In particular, I'd suggest nearly-oppressive amounts of homework to get their attention on the off-days, or they won't take you (the course) seriously. And, again, in your three hours, as you anticipate, it would be foolish to hope for immediate assimilation. As @vonbrand suggests, making things not too-intensely depend on each other is highly desirable. (Thus, the traditional "strict logical ordering" is infeasible.)

A very unfortunate and impractical pedagogical situation, for sure.


Never been in such a bind teaching (as a student I had a full term compressed into some six weeks once, but I don't remember much of that), but I'd look for ways to split the subject "sideways", I.e. make it into two or three concurrent courses on related subjects. So you can switch subjects and don't wear out your students (hopefully with a short break). Alternate between covering the material and solving problems using what was covered in groups or open discussion.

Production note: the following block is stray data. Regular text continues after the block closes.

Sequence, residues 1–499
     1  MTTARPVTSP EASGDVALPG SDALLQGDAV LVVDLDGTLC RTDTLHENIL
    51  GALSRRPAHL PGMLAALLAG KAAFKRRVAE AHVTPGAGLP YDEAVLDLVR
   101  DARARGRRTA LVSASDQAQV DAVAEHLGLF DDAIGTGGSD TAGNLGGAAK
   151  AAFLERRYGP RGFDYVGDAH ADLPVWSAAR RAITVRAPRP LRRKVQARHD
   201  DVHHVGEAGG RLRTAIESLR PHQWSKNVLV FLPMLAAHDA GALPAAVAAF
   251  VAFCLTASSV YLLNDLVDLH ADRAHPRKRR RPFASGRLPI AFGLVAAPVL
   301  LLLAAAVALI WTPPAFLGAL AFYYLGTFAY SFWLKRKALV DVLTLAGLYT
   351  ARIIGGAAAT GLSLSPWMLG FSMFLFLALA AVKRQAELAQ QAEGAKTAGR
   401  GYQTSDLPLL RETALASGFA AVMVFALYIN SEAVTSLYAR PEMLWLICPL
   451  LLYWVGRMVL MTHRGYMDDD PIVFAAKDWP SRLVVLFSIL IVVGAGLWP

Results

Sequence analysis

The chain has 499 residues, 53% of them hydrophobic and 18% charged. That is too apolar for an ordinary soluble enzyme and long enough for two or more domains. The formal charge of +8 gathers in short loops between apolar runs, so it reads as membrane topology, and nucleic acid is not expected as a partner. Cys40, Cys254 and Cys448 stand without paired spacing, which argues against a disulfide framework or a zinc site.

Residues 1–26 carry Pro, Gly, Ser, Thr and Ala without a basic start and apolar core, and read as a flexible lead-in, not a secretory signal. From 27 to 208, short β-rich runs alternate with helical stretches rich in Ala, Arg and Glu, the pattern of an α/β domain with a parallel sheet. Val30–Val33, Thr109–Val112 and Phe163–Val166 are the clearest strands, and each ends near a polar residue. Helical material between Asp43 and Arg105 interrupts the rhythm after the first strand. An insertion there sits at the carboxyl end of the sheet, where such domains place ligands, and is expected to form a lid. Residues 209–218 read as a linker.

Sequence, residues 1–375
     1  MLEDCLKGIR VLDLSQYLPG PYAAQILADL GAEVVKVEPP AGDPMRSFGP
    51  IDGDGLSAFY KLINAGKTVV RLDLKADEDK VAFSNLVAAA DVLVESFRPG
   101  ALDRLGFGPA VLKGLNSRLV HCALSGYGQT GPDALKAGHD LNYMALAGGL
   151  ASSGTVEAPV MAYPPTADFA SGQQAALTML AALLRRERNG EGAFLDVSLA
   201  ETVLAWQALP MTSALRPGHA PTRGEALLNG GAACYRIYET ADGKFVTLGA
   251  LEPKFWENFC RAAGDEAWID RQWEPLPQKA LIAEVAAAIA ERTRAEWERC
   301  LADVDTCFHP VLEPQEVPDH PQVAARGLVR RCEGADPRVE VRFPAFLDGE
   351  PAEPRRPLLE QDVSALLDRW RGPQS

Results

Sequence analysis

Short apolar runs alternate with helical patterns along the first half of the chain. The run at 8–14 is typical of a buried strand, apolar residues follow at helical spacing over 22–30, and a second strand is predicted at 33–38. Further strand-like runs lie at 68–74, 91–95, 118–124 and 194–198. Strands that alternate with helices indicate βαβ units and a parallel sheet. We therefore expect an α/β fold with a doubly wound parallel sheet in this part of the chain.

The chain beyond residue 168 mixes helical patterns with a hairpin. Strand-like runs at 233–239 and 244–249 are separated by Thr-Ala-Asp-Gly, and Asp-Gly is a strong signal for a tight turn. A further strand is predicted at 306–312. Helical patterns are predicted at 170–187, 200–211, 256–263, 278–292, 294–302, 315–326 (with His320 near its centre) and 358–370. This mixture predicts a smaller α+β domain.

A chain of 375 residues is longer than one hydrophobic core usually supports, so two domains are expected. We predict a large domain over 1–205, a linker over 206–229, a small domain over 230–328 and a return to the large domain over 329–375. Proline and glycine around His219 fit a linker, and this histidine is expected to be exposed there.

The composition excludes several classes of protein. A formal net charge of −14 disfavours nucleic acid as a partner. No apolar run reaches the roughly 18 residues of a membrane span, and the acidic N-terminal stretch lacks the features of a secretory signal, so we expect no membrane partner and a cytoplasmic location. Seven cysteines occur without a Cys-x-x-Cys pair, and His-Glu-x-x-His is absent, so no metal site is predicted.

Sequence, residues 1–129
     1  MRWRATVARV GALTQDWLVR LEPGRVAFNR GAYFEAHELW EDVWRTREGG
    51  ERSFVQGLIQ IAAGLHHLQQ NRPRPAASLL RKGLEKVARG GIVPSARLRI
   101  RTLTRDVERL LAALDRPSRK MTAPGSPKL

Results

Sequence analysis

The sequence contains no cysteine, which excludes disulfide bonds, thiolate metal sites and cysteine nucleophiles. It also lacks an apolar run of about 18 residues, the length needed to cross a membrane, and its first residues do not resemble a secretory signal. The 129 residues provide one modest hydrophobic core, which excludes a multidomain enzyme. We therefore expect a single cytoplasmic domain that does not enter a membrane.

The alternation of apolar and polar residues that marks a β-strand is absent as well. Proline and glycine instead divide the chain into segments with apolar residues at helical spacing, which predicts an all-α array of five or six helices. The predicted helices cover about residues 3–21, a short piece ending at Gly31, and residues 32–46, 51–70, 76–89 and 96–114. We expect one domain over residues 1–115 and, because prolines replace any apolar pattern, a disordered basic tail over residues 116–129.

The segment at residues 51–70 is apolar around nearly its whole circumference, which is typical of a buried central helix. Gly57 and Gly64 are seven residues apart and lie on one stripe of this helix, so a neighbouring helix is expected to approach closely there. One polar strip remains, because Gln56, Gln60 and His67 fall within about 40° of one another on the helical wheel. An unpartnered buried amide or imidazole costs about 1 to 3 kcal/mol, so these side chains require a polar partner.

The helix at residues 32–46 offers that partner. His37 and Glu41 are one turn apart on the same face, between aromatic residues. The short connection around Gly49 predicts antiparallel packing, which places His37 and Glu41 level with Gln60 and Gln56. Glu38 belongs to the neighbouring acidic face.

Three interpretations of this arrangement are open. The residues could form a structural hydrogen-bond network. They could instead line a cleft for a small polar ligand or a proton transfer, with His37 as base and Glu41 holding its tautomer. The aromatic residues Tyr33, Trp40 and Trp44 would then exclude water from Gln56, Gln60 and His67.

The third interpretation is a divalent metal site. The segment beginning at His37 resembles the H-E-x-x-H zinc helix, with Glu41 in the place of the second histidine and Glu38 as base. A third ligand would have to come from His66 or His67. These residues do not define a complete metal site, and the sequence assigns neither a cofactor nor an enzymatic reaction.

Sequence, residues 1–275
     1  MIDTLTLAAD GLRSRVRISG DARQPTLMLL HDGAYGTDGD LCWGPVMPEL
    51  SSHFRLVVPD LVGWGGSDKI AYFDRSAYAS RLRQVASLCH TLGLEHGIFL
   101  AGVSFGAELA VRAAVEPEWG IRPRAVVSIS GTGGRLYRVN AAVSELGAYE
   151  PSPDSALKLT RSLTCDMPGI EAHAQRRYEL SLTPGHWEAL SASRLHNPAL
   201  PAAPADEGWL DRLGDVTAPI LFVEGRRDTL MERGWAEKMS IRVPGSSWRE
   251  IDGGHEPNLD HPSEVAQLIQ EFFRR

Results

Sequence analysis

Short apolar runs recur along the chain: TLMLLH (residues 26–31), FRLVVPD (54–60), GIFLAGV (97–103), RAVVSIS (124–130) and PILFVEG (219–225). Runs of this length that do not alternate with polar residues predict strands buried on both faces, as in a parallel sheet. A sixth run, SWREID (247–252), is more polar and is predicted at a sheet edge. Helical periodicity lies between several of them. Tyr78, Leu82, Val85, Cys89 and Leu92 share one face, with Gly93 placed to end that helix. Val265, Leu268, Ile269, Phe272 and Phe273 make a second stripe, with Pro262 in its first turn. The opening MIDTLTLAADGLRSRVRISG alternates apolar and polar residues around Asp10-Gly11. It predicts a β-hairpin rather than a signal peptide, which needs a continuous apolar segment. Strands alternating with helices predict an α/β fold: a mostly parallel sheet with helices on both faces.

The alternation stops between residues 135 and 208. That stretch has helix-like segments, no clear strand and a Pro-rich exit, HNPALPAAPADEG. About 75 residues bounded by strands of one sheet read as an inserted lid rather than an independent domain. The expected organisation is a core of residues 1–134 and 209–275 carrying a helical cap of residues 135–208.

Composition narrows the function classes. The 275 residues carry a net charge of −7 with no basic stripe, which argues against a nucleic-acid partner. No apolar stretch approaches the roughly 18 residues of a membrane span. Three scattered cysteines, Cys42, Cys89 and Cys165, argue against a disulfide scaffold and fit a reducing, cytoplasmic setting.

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    $\begingroup$ For example, my calculus teacher taught series and non-trivial integration concurrently. Up to a point, they're pretty independent, although after a while, you can integrate the terms of a series, etc., which led to a nice convergence (no pun intended) of material. $\endgroup$
    – wchargin
    Apr 28, 2014 at 0:07
  • $\begingroup$ Just leaving a note while I am thinking of it -- I tried this over the summer and it was very successful. For American "Calculus 2," I highly recommend starting with L'Hopital's Rule and Improper Integrals, then you can just spread the sequences&series all throughout the rest of the semester. $\endgroup$ Aug 20, 2014 at 1:33
  • $\begingroup$ Updating this one more time -- I now split my Calculus 2 "sideways" even in the normal 16-week semester, with Sequences and Series taught a little bit every week. Class periods have a break in them that indicate it is time for series at the end of class. Really the two 2014 answers to this question form the outline of my whole Calculus 2 course. $\endgroup$ Apr 25, 2018 at 15:12